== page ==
"It's a tough question. I've been asked that a lot," said Padres manager Bud Black. "He had a spectacular year a year ago. It was a great year. But I think to ask a player to hit 31 home runs and knock in 115 runs is a bit unfair. I think this year is not indicative of the type of career Chase is going to have moving forward.
"Is it somewhere in-between? I don't know. But it's not this."
It's been a struggle from the start of the season. Well, actually before the season, as Headley missed the first 14 games of the regular season after fracturing the tip of his left thumb while sliding during a Spring Training game on March 17.
Headley hit .261 in April, .243 in May and then in June, his average for the month plummeted to .183 as he had more strikeouts (27) than hits (20). He hit over .260 in July and August and, as mentioned before, had productive at-bats in Wednesday's game, his first of September after missing five games with back spasms.
Now, he just wants to finish strong.
"I just want to get back to what I know I can do," Headley said. "I feel like I've made some strides the last couple of weeks with some feel things in my swing that are starting to feel right again. Obviously, this is not the season I had hoped it would be."
Headley's zone contact rate, according to PITCH/fx has dropped from 85.2 percent in 2012 to 83.3 percent this season. His walk rate is down, his strikeout rate up. And Headley's HR/FB ratio (home run to fly ball) has dipped dramatically, from 21.4 percent a year ago to 9.2 percent.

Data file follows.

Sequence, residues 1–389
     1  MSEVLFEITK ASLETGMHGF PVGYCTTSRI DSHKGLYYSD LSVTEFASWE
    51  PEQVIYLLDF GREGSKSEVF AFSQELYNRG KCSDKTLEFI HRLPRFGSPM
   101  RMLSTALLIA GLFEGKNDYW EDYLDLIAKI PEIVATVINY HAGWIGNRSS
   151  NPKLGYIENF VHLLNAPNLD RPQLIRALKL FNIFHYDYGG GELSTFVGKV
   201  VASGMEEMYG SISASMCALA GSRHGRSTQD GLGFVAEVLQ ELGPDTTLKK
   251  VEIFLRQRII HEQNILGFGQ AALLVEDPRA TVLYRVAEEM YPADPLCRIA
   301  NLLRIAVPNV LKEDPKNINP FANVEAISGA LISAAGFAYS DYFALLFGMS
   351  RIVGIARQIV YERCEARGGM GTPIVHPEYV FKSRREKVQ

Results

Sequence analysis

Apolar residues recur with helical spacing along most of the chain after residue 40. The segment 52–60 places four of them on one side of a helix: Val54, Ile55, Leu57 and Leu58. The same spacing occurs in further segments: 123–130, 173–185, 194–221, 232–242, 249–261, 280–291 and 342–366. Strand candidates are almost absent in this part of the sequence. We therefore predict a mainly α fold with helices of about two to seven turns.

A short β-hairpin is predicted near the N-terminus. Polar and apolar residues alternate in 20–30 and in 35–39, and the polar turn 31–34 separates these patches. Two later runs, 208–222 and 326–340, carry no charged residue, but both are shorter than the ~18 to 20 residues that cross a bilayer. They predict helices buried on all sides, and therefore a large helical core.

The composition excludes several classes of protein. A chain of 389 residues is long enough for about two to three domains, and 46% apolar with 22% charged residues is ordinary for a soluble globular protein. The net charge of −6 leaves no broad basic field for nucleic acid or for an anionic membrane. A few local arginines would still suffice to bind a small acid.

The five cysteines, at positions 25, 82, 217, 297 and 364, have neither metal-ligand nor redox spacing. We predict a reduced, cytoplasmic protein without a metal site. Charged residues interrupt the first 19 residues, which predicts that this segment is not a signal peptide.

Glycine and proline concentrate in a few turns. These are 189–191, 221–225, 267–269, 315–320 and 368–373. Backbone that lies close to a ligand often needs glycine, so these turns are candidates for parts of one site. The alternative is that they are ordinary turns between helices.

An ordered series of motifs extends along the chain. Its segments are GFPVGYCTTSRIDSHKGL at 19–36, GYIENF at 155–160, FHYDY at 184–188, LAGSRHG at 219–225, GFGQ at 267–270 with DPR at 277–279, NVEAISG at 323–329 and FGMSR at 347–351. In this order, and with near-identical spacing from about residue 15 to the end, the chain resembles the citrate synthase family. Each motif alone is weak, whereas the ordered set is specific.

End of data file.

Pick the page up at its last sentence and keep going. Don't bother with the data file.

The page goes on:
"I think the home run and RBI explosion got a lot of people's attention. Whether that will show up again, I don't know," said Padres general manager Josh Byrnes said. "… But his durable play, he's turned into a good third baseman, a switch-hitter who can matchup with a lot of pitching, he still gets on base, [so] that still makes him a very valuable player."
But how valuable remains to be seen, at least in terms of his financial worth. Headley is making $8.575 million this season and is under control through 2014. The Padres have stated they would like to keep him, with executive chairman Ron Fowler suggesting earlier this season that a long-term deal could be in the works. Headley, 29, reiterated that he didn't want to talk about a contract until after the season.
Headley still sees a future for himself in San Diego, the only organization he's known, the one that drafted him out of the University of Tennessee in the second round of the 2005 First-Year Player Draft.
"Obviously, my first choice is to stay in San Diego, long term," Headley said. "If the organization is interested in talking long term … and I'm here for another year anyway. I don't want to put words in anyone's mouth, but it would be a prudent discussion in the offseason to see where each side stands."
Until then, Headley will keep his focus on the final 23 games, regular opportunities to produce, to get better, to get back to finding that success -- and that sound -- he had a year ago.
"Of course you're frustrated and it gets to you," Headley said. "You think about it when you go home, you think about it in the cage, you think about it all the time. But you have to show up each day refreshed, thinking that today is going to be the day it turns for you."